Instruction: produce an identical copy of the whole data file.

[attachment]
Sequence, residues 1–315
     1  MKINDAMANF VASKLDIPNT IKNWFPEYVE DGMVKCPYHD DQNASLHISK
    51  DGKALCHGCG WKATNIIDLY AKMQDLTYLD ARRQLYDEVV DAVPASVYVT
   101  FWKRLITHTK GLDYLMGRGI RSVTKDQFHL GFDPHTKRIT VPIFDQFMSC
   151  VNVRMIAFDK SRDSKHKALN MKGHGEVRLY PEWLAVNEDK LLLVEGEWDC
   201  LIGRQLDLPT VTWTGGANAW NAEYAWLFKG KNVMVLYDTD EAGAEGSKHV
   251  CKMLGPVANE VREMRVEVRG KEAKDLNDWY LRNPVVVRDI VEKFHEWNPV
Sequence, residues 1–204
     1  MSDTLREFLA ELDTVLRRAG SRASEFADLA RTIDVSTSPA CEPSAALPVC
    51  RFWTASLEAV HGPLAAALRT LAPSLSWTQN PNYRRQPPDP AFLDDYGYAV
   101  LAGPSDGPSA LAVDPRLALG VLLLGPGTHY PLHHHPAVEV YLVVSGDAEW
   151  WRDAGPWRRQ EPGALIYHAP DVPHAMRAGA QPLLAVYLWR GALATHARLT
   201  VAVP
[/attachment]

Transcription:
Sequence, residues 1–315
     1  MKINDAMANF VASKLDIPNT IKNWFPEYVE DGMVKCPYHD DQNASLHISK
    51  DGKALCHGCG WKATNIIDLY AKMQDLTYLD ARRQLYDEVV DAVPASVYVT
   101  FWKRLITHTK GLDYLMGRGI RSVTKDQFHL GFDPHTKRIT VPIFDQFMSC
   151  VNVRMIAFDK SRDSKHKALN MKGHGEVRLY PEWLAVNEDK LLLVEGEWDC
   201  LIGRQLDLPT VTWTGGANAW NAEYAWLFKG KNVMVLYDTD EAGAEGSKHV
   251  CKMLGPVANE VREMRVEVRG KEAKDLNDWY LRNPVVVRDI VEKFHEWNPV
Sequence, residues 1–204
     1  MSDTLREFLA ELDTVLRRAG SRASEFADLA RTIDVSTSPA CEPSAALPVC
    51  RFWTASLEAV HGPLAAALRT LAPSLSWTQN PNYRRQPPDP AFLDDYGYAV
   101  LAGPSDGPSA LAVDPRLALG VLLLGPGTHY PLHHHPAVEV YLVVSGDAEW
   151  WRDAGPWRRQ EPGALIYHAP DVPHAMRAGA QPLLAVYLWR GALATHARLT
   201  VAVP